Wow. Just, wow.
This season was a game changer for the entire series–not just Korra’s story, but Avatar: The Last Airbender too.
But first, let’s back up. Korra is the Avatar, perpetually reincarnated so that she can maintain balance in the world. And this season, we find out how the first Avatar–Wan–came to be. I didn’t see it coming, and I really liked it. I certainly wasn’t expecting this mischievous trickster as the founder of one of the most respected titles in the world. And I wasn’t expecting his origin story to be all about fixing a really serious mistake of his. It was fantastic.
And then we go back to Korra and see where she goes from there, and she’s changed by the knowledge of why she is what she is. Then she spends the rest of the season trying to stop this old enemy she didn’t even know she had before.
I always have to respect when a show threatens this big thing that the protagonists have to stop no matter what, and then the big moment comes when they assemble and they’re about to stop the thing that Cannot Be. And they fail.
And they keep fighting.
And in the last episodes of Korra, that moment comes when the unthinkable happens–and then it gets even worse. And then, it gets unthinkably worse. I did not see it coming, just how bad things would get.
There serious repercussions to this fight that Korra is going to have to live with.
And honestly, as the series was heading towards the close, I found myself hoping that something seriously game-changing would happen, instead of everything getting reset to the status quo. Korra was manipulated into making mistakes, and fixing her mistakes does make for a great parallel to Wan’s redemption story. But she’s our protagonist, and I want her to actually change things, instead of just setting them back up the way they were before she helped knock them down.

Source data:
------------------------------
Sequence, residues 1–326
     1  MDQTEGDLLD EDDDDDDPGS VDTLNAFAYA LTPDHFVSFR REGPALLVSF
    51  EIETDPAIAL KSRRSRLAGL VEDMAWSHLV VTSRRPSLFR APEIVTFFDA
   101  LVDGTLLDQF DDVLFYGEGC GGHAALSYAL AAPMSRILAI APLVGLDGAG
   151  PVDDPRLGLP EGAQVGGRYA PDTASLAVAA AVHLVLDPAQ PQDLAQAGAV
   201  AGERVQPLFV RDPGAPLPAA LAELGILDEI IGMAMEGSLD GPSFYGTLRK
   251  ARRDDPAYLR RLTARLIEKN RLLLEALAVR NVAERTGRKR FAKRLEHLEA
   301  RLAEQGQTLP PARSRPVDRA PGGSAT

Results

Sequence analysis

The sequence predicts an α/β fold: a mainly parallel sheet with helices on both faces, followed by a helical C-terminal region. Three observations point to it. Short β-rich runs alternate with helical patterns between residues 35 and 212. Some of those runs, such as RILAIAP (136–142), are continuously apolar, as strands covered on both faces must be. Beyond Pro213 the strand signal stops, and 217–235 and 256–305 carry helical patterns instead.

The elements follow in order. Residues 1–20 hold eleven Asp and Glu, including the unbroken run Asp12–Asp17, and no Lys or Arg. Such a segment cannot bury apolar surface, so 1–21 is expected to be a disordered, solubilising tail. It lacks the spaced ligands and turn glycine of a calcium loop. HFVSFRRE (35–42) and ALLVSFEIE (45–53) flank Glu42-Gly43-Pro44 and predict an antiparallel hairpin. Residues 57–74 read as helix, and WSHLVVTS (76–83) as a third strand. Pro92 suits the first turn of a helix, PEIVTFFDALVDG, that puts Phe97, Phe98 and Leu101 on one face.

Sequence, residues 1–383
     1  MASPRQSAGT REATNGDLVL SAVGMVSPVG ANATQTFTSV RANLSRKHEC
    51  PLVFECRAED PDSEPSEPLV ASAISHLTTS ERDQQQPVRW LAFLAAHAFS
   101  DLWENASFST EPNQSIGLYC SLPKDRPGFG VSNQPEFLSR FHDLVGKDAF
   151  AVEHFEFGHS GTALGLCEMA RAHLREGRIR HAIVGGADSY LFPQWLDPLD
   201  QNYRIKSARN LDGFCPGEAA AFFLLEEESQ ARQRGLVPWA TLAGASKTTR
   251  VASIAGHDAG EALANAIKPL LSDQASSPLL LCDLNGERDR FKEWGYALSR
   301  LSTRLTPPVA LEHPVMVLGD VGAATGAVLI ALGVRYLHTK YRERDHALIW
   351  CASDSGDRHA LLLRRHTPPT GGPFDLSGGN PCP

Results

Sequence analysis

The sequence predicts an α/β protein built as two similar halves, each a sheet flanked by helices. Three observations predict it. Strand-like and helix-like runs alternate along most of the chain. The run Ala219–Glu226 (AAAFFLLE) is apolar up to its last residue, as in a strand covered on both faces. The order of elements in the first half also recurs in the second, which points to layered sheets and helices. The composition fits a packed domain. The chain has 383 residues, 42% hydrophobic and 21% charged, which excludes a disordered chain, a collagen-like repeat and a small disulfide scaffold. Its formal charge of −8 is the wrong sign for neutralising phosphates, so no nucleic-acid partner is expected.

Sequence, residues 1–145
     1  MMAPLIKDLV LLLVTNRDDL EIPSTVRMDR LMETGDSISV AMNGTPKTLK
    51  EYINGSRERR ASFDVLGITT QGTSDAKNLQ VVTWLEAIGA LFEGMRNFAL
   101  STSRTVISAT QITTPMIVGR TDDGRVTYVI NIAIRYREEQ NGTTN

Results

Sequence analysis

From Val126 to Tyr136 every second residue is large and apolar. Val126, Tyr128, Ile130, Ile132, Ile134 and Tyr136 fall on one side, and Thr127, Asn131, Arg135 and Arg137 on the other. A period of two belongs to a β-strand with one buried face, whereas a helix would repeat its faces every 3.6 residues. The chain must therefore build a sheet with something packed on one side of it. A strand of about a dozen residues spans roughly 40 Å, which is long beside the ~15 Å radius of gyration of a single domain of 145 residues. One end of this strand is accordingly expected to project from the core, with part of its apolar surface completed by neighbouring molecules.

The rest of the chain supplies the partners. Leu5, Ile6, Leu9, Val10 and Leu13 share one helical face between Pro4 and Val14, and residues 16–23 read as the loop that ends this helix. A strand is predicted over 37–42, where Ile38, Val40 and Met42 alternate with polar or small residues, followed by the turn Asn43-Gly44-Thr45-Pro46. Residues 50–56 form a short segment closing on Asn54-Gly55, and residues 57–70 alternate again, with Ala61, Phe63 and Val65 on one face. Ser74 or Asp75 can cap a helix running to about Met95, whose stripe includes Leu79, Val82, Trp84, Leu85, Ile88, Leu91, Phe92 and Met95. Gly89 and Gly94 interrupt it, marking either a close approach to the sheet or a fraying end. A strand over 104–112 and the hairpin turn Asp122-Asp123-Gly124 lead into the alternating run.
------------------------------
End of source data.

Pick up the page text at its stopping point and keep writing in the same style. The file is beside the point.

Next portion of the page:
And–spoilers–the last moments of the season made me so happy. Because when I saw Wan’s story, the one thing that didn’t make sense to me was why separating the spirits and humans was a good decision. He essentially shut them out of their world. What for?
And in those last seconds before Korra was going to close the portal, when she stopped, and said, “what if bad guy was right about this?” I was like, YES! Thank you!
I’m really happy with this for a few reasons:
1. Because not everything Wan did was golden, and this is the big thing that didn’t add up. Why should the spirits have been kicked out of their world, their homes, so humans could live there?
2. After a season full of mishaps, Korra doesn’t just fix it all, she moves the world forward into the future. This was all good for something. There was a reason Unalaq could convince people that the spirit portal was worth opening in the first place, a reason why it didn’t sound like a terrible idea. If it wasn’t for the dark spirit trapped between worlds, it wouldn’t have been.
3. In the last post I made about Korra, I wrote that just because Unalaq is the bad guy, that doesn’t mean he’s automatically wrong about everything. And this season finale totally validates my point. When Unalaq goes crazy, his brother tells him “I know you have a strong rapport with the spirits, but don’t forget, you’re human.”
There was something really off about that statement, because it makes it seem like humans are being pitted against spirits in general, and not just one dark spirit. The idea that he should side with the humans because he’s human, and not because it’s actually the right thing to do, is jarring.
And then the show acknowledges this point and says, there’s a middle ground, and we need to find it.
So happy. So very happy.
Another cool thing–when Korra’s making her speech at the end of this season, telling everyone how the world has changed, I couldn’t help but flashback to her speech in season one to Republic City. Very different speeches, being made by very different Korras. She’s way more comfortable in her skin with this later speech than she was during that speech in season one, where she was posturing and self-conscious.
Watching Korra makes me very happy. One of the best, if not the best, shows of the season.